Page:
By Tim Hayes []

It gets me every time.

At the end of “Field of Dreams,” when Kevin Costner’s character, with a hitch in his throat, says to his back-from-the-dead-on-the-magical-baseball-field father, “Hey…Dad?  You want to have a catch?”  My eyes well up.  Every time.  And I’ve seen that movie probably 50 times or more.

For many people, favorite movies launch the tear ducts into action.  Another one for me is at the end of “It’s A Wonderful Life,” when Jimmy Stewart’s brother says, “Good idea, Ernie – a toast!  To my big brother George…the richest man in town!”  For a lot of ladies, it’s the final scene from “An Affair to Remember,” when Cary Grant and Deborah Kerr meet at the top of the Empire State Building.  You probably have an example or two, as well.

People cry for lots of reasons – joy, relief, loss, inspiration.  Great screenwriters know how to steer an audience to tears through character development, a great story arc that carries emotions along to a climactic moment.  There’s a real art to this, and the classic movies become classics because of that artistic excellence.

Yet the need and the urge to shed tears can happen anywhere, given the proper context.

I’ve been in conference rooms where people’s emotions began to rise to the teary surface.  One evening, a fellow classmate in a business development seminar spoke of the loss of her best friend, and that the reason she started her business was to make sure other people didn’t go through that same experience without having the opportunity to tell their friends how much they meant to them.  She got choked up recounting this personal journey, and her heartfelt sincerity rippled out to the rest of the class.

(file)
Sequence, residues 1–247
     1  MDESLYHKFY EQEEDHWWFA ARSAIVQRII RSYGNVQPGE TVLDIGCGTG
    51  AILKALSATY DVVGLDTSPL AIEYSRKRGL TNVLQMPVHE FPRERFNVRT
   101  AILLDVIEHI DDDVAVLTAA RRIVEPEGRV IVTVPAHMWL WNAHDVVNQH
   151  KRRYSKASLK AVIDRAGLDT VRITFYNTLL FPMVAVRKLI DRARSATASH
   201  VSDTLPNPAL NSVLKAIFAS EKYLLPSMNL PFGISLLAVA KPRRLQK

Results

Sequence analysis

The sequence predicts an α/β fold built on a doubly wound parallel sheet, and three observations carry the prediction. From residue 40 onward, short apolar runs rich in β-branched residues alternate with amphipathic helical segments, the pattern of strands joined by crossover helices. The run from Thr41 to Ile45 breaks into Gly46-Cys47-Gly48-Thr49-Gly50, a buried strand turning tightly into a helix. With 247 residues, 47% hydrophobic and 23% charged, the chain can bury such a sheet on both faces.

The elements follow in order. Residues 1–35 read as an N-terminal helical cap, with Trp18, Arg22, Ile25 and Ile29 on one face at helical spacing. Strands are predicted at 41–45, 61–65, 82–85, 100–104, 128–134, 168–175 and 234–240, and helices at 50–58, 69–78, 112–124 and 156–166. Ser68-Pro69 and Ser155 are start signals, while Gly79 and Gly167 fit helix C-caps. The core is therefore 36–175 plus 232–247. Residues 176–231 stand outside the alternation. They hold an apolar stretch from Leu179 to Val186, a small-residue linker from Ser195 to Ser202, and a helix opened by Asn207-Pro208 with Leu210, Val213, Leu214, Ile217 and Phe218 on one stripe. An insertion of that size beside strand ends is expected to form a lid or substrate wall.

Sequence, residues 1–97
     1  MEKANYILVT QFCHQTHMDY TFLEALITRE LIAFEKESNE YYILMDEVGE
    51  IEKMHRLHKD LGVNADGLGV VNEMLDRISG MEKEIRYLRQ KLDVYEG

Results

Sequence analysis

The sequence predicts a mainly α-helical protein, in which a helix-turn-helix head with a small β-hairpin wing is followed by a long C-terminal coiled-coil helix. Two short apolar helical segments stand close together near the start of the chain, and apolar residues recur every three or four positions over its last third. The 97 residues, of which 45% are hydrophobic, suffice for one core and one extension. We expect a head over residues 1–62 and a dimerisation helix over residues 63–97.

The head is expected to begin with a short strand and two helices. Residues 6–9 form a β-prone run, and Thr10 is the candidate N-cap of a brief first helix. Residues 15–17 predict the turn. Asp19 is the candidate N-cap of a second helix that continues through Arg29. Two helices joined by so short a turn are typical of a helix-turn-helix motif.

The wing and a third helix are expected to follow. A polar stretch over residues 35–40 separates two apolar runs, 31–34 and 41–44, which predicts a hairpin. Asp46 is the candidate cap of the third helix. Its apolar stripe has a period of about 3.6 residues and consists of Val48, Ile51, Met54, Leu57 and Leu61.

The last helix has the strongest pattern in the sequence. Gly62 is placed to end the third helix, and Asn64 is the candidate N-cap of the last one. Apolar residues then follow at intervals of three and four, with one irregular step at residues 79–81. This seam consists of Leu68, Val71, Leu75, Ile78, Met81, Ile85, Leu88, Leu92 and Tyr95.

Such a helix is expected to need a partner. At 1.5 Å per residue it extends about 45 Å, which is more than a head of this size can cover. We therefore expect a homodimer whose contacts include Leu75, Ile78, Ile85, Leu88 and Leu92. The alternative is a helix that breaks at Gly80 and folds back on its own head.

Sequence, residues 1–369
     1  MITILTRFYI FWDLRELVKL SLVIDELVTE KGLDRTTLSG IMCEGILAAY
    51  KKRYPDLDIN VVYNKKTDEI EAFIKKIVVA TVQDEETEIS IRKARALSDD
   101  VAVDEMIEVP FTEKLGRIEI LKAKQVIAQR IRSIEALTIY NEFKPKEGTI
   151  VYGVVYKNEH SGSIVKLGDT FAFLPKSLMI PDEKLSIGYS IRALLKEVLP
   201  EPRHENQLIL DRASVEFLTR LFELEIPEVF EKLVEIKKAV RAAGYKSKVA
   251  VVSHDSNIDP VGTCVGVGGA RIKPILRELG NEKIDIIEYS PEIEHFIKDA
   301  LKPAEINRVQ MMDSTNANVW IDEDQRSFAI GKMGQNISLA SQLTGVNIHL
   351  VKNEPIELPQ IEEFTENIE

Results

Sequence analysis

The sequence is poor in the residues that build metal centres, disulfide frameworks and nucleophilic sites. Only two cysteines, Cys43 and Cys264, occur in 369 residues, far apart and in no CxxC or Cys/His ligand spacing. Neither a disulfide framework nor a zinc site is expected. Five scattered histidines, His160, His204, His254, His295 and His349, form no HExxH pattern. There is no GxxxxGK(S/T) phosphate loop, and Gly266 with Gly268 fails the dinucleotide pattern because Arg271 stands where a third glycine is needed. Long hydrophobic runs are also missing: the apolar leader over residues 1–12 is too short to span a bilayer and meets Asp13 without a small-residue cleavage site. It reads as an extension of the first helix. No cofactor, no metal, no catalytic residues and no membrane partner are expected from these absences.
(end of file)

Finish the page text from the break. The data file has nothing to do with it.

We’ve all seen athletes lose their composure while announcing their retirements.  Even presidents can tear up – George H.W. Bush did so while speaking about his family during his term in the White House.

As speechwriters, we are called on – in rare occasions, admittedly – to provide material for clients designed to bring an audience to a heightened state of emotion.  A memorial service honoring a group of employees who lost their lives in an airplane crash many years ago was one such assignment for me.  The collection of company officials, employees, and victims’ families, of course, were emotionally taxed to begin with, but my script needed to convey the proper mix of respect, honor, truth, hope, and compassion nonetheless.

There’s an art to writing speeches meant to stir deep feelings in an audience, just as in the movies.  The challenge, always, is to engage people’s minds and hearts – to get them thinking and empathizing, then to elevate those thoughts into emotional reactions without being manipulative or insensitive.  It’s not easy.  It’s not for the timid or the inexperienced.  That’s why it’s an art.

One of the best examples of a speechwriter achieving this lofty goal was Lou Gehrig, the “Iron Horse” of the New York Yankees, at his farewell address.  Gehrig was diagnosed with the muscular degenerative disease that today bears his name.  He spoke off the cuff that July 4, 1939, in Yankee Stadium, but his words were magnificent.  Here’s just a sampling.

“Fans, for the past two weeks you have been reading about the bad break I got. Yet today I consider myself the luckiest man on the face of this earth. I have been in ballparks for seventeen years and have never received anything but kindness and encouragement from you fans…When you have a father and a mother who work all their lives so you can have an education and build your body – it’s a blessing. When you have a wife who has been a tower of strength and shown more courage than you dreamed existed – that’s the finest I know. So I close in saying that I may have had a tough break, but I have an awful lot to live for.”

Wow.  It gets me every time.

Copyright 2010 Transverse Park Productions LLC